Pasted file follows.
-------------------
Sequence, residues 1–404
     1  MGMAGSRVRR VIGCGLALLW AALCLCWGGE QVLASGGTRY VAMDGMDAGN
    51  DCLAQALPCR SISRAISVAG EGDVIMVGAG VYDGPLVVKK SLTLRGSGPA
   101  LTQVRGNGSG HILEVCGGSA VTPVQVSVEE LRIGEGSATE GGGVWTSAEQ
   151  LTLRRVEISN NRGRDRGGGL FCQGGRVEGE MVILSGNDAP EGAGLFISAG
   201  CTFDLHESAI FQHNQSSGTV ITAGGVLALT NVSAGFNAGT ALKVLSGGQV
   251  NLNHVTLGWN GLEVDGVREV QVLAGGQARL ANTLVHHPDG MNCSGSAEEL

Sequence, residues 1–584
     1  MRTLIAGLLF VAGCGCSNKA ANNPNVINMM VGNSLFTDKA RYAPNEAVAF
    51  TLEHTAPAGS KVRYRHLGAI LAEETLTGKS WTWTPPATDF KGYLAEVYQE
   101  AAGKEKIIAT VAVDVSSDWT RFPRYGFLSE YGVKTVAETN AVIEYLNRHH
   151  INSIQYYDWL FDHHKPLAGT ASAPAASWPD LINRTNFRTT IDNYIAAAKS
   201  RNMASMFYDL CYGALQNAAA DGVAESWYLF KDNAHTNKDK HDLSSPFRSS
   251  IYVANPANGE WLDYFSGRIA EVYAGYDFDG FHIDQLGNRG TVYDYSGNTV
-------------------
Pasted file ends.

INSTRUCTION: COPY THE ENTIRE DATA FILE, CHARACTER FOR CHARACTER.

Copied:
Sequence, residues 1–404
     1  MGMAGSRVRR VIGCGLALLW AALCLCWGGE QVLASGGTRY VAMDGMDAGN
    51  DCLAQALPCR SISRAISVAG EGDVIMVGAG VYDGPLVVKK SLTLRGSGPA
   101  LTQVRGNGSG HILEVCGGSA VTPVQVSVEE LRIGEGSATE GGGVWTSAEQ
   151  LTLRRVEISN NRGRDRGGGL FCQGGRVEGE MVILSGNDAP EGAGLFISAG
   201  CTFDLHESAI FQHNQSSGTV ITAGGVLALT NVSAGFNAGT ALKVLSGGQV
   251  NLNHVTLGWN GLEVDGVREV QVLAGGQARL ANTLVHHPDG MNCSGSAEEL

Sequence, residues 1–584
     1  MRTLIAGLLF VAGCGCSNKA ANNPNVINMM VGNSLFTDKA RYAPNEAVAF
    51  TLEHTAPAGS KVRYRHLGAI LAEETLTGKS WTWTPPATDF KGYLAEVYQE
   101  AAGKEKIIAT VAVDVSSDWT RFPRYGFLSE YGVKTVAETN AVIEYLNRHH
   151  INSIQYYDWL FDHHKPLAGT ASAPAASWPD LINRTNFRTT IDNYIAAAKS
   201  RNMASMFYDL CYGALQNAAA DGVAESWYLF KDNAHTNKDK HDLSSPFRSS
   251  IYVANPANGE WLDYFSGRIA EVYAGYDFDG FHIDQLGNRG TVYDYSGNTV